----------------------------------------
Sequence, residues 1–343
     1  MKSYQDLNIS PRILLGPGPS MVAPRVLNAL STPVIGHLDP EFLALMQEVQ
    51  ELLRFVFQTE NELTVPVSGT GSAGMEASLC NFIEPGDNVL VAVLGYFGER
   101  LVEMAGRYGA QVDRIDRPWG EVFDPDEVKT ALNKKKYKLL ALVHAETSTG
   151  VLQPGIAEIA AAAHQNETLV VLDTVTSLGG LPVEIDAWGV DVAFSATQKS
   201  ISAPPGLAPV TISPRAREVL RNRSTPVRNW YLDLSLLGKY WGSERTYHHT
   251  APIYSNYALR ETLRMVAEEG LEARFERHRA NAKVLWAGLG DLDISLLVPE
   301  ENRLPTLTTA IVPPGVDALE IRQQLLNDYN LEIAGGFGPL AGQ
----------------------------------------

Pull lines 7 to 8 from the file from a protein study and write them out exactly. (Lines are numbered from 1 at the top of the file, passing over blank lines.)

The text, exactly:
   251  APIYSNYALR ETLRMVAEEG LEARFERHRA NAKVLWAGLG DLDISLLVPE
   301  ENRLPTLTTA IVPPGVDALE IRQQLLNDYN LEIAGGFGPL AGQ